The Challenge of Selling a War With Iran

American public opinion and the advice of the U.S. intelligence community would make justifying attacks on Iran difficult.

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President Obama arrives for a statement at the White House / Reuters

The public debate on whether the United States and other countries are able to prevent Iran from obtaining a nuclear weapon exhausted itself years ago. Yet, discussion about confrontation with Iran will persist until one of two things happens: Tehran provides sufficient transparency over its suspected nuclear weapons activities to meet the demands of the International Atomic Energy Agency (IAEA), Tel Aviv, and Washington; or Israel and/or the United States attacks Iran's nuclear facilities. Unless the major players are bluffing and ultimately back down--which has happened before--one of these determining actions will likely take place within the next two years.

If President Obama--or any future occupant of the White House--does decide to attack Iran, there is an important prerequisite that has remained largely unexplored: How would the president sell the war to the American people?

The president wouldn't have to start from scratch. Iran has been demonized by the United States since the nascent Islamic Republic seized the U.S. embassy compound in Tehran and held fifty-two hostages from November 1979 to January 1981. Since then, polling has consistently demonstrated two strong beliefs: Americans do not like and are afraid of Iran. A recent Gallup poll found that 87 percent of Americans held an "unfavorable" opinion of Iran, a number that hasn't changed in decades. In addition, in a September 2011 survey asking, "Which country is the greatest threat to the United States?" 63 percent of respondents listed Iran first or second. (In June 2009, 79 percent of respondents believed Iran to be a "very serious" or "moderately serious" threat to the United States.)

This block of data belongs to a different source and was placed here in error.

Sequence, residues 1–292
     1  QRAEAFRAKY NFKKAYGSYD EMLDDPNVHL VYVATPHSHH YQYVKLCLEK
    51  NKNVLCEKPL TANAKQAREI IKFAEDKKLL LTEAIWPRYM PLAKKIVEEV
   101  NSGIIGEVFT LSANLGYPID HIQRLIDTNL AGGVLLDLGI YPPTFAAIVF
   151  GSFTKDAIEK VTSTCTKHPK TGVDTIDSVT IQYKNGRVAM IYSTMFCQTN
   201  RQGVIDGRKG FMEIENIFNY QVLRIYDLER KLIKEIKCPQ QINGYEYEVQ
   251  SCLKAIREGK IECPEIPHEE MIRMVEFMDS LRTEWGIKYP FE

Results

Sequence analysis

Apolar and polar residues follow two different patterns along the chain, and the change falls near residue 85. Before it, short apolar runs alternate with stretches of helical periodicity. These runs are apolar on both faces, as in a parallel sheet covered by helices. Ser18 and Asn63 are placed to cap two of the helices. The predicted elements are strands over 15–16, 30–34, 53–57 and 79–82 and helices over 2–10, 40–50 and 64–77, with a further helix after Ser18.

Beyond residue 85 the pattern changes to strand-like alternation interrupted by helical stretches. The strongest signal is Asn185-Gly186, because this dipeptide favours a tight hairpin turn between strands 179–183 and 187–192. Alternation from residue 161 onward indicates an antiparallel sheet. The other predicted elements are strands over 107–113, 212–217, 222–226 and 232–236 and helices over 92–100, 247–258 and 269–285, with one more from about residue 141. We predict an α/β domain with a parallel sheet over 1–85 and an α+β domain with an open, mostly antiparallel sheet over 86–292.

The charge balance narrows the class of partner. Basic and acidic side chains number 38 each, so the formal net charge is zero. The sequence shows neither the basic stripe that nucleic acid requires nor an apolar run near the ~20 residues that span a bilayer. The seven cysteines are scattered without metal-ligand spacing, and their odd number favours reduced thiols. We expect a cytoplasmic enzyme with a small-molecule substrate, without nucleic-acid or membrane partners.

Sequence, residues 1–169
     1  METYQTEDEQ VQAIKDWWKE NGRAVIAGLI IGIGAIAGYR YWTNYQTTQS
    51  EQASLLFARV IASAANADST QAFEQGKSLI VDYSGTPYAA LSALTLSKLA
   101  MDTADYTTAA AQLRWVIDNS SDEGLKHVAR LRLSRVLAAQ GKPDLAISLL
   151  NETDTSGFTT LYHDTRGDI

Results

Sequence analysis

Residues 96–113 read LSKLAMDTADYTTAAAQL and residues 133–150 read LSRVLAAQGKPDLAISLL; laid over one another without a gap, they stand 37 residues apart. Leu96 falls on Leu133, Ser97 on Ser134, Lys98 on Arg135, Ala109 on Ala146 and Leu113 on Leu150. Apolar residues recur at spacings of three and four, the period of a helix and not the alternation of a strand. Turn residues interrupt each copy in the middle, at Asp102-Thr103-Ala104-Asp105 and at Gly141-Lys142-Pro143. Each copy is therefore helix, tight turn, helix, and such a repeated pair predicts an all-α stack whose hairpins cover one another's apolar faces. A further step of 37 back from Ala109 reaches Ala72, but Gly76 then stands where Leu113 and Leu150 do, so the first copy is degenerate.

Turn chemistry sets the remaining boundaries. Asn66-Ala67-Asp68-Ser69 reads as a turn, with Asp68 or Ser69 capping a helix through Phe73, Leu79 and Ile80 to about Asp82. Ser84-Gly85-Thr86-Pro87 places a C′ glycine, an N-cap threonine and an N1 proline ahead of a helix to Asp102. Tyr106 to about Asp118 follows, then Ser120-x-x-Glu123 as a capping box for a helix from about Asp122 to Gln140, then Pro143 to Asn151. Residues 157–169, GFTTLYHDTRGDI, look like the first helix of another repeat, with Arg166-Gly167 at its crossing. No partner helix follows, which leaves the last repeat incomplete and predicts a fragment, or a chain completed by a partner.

Despite the polling numbers, Americans are largely split over a U.S. military attack on Iran (support ranges from 41 to 56 percent) and there is broad approval for stronger economic sanctions and diplomatic action. Interestingly, the action favored by most Americans (81 percent), "direct diplomatic talks between the United States and Iran," is not part of the Obama administration's strategy.

In addition to the lukewarm support among Americans for attacking Iran, President Obama or his successor would also have to tackle two problematic assessments from the U.S Intelligence Community (IC).

First, as Director of National Intelligence James Clapper has repeatedly reaffirmed since late January, "we don't believe they've actually made the decision to go ahead with a nuclear weapon." Just yesterday, James Risen reported in the New York Times that the IC continues to believe (based on an assessment first made in November 2007) that Iranian Supreme Leader Ayatollah Ali Khamenei halted his country's nuclear weapons activities in 2003.

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Micah Zenko is a Fellow in the Center for Preventive Action at the Council on Foreign Relations, and author of Between Threats and War: U.S. Discrete Military Operations in the Post-Cold War World. He writes regularly at Politics, Power, and Preventative Action.

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